I’m typically a saver, not a spender. I often walk or bike the three miles to work to save money on public transportation because, you know, $2 each way adds up. But I do have a spending weakness, and it had gotten out of hand: Between October and November 2017, I realized I’d spent about $520 eating out.
Often, this came down to pure laziness. I rarely hit up Trader Joe’s, and, since I hate packing my lunch, made excuses to avoid it. Like needing to catch up on my Bravo shows instead.
By late November, I realized my reluctance to prepare food at home was preventing me from putting as much money as I wanted to toward my student loans and savings account—both top goals. So I gave myself a challenge: For the first three weeks of December (right up until I started holiday travel), I wouldn’t eat out at all. Here’s how I did it, and what I learned.
Before going cold-turkey on restaurant food, I did some prep work:
1. I inventoried my entire kitchen.
Because I hadn’t done a big grocery haul lately, I figured my kitchen was empty. But you know what I found after going through my fridge, freezer and cabinets? So much food.
Most of it would’ve been just fine if I’d continued to ignore its existence. (Dry spaghetti lasts a few years!) But the broccoli would’ve sprouted mold, and the kale and romaine were just a few days from turning brown—so this exercise saved me from wasting what I’d already purchased.
2. I planned my meals.
Luckily, I was able to squeeze breakfast, lunch, dinner and snack options for the first five weekdays from what I already had, and plan meals with leftovers. For example, I made a quiche with the eggs (and shared it with my fiancé Chris), and cooked extra dinner portions for the next day’s lunch. I was truly surprised at how many different meals you can whip up with the same ingredients.
Meal-planning also highlighted what I didn’t have, so I could be very intentional about what to buy. At the store, we were smart shoppers—only spending about $45 per week on groceries instead of our typical $58 average. We bought grains in bulk, scouted sales (once, we got 20 chicken legs for $14!) and avoided pre-packaged stuff.
3. I allowed two small exclusions.
Okay, this is where I’ll admit I didn’t actually avoid restaurant food entirely. Before committing to the challenge, I’d already scheduled two get-togethers: dinner and drinks with my friend Taylor and a lunch for my co-worker’s birthday. I didn’t want to back out—or sit there staring at them while they ate—so I allowed myself a $15 budget for each. That’d still require some effort. Taylor and I meet up regularly, and my bill is usually closer to $30.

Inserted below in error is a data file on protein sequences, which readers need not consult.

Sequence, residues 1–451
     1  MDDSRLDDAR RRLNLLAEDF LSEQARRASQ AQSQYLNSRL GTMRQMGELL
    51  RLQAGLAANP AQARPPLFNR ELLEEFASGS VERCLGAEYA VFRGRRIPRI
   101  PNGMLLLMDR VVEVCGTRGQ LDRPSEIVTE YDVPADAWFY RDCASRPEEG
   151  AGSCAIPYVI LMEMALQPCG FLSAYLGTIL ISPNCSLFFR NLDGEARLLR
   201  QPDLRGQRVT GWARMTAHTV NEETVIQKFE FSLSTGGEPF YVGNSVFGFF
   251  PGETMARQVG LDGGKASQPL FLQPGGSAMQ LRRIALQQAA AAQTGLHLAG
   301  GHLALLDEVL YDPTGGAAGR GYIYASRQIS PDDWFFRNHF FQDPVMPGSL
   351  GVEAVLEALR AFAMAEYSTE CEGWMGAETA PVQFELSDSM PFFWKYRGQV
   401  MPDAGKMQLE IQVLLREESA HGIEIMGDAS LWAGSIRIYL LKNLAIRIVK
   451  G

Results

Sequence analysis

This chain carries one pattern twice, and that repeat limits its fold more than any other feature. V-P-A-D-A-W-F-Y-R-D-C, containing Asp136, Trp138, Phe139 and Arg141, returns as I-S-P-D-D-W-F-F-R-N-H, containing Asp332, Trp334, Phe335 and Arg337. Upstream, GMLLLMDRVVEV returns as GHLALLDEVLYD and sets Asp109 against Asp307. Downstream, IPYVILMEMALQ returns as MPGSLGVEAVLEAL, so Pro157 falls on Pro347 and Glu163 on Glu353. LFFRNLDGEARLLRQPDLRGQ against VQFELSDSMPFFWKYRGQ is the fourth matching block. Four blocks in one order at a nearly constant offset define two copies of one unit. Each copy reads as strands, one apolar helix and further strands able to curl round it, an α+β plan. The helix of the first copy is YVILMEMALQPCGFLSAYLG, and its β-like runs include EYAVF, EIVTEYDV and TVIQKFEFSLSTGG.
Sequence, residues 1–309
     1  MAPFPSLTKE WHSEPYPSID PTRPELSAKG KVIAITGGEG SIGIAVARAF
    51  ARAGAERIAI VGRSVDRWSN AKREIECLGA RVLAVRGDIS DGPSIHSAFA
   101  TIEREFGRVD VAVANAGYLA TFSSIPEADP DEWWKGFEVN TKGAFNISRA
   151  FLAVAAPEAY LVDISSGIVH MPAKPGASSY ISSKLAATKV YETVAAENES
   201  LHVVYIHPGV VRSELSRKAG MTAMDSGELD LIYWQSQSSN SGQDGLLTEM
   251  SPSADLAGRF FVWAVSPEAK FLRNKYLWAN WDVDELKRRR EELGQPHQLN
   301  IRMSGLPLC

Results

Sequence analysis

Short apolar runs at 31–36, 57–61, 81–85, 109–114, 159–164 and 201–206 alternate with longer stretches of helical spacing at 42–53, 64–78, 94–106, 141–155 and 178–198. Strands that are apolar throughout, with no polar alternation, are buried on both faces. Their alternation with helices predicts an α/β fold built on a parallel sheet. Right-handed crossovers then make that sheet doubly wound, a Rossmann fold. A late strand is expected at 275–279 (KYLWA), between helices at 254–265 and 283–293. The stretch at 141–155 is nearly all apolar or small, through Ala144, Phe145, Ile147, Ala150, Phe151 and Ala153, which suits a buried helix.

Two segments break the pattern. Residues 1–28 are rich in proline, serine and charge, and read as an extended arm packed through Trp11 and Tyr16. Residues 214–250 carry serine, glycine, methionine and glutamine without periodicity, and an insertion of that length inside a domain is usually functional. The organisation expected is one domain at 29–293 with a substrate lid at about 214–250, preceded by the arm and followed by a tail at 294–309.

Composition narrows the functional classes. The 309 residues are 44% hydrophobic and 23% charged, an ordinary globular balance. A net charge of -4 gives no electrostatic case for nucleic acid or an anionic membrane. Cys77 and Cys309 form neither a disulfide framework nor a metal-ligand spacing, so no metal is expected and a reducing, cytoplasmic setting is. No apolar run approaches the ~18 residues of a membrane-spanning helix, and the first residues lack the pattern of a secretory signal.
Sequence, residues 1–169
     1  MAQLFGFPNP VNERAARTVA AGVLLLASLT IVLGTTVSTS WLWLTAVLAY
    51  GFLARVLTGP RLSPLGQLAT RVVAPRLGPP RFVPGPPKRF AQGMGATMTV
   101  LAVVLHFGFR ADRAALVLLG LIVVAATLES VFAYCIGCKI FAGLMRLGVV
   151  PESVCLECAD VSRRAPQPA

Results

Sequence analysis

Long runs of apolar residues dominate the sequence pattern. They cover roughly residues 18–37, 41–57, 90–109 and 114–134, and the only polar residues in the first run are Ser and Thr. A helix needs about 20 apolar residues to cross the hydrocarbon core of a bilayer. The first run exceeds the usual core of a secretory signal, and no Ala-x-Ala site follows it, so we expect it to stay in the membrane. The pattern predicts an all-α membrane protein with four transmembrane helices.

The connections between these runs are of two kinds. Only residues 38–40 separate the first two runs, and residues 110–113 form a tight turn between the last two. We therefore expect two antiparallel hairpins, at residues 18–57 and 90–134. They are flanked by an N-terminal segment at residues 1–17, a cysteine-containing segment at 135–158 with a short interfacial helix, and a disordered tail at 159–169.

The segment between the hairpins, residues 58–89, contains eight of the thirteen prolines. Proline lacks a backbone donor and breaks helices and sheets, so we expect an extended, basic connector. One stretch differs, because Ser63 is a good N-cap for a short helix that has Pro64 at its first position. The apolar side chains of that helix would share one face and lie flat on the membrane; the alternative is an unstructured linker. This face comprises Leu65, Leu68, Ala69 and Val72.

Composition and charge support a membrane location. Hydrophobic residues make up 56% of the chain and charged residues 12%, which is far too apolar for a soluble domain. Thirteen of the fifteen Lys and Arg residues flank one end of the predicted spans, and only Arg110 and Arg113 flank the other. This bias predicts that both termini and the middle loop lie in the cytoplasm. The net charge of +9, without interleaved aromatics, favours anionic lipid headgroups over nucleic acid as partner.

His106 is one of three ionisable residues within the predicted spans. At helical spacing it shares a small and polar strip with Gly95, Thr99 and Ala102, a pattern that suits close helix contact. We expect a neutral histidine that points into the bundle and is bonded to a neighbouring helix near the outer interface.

Thanks to sharing a few plates with Taylor, and picking a cheap, fast-casual restaurant for the birthday celebration, I stuck to my social budget of $30—and successfully avoided eating out otherwise. That means I spent just $10 per week, on average, or 85 percent less than before.
Surprisingly, it wasn’t even that hard to plan for weekends. Fortunately, my December weekends were fairly free, so I had time to make meals from scratch. If I’d had something on the books, I would’ve dedicated more time to packing food or considered giving myself another small budget.
Overall, the challenge was easier than I’d imagined, and I can see myself maintaining the habits in 2018. But if I ever find myself off track, I’ll keep these lessons in mind:
1. Some wiggle room is a must.
Honestly, I’ll never stop eating out entirely. But the trick to not going overboard is better planning. Setting my $15 budget ahead of time made me more mindful of my spending, and that sense of control was really empowering.
2. Accountability buddies are key.
Chris played a huge role in my success by helping me plan meals and stick to my shopping list. (I tend to default to filling the cart with whatever looks good at the time.) And it was actually Taylor’s idea to share some bruschetta and flatbread to keep my bill under $15. (I ended up eating enough to feel full and still had a great time, but spent half of what I usually do!) Without their help, sticking to my budget would have been a lot tougher.
3. Advance planning saves you time.
I generally resist meal planning and writing out a grocery list because it feels so tedious; I always think I could be doing something more productive. But this challenge helped me realize that these exercises are actually the key to saving both money and time.
Knowing exactly what I had at home and what I’d be eating during the week meant I didn’t need to make last-minute trips to the store, buy something I already had or spend time agonizing over what to make for dinner—leaving me more time to watch Bravo, and marvel over my bigger bank balance.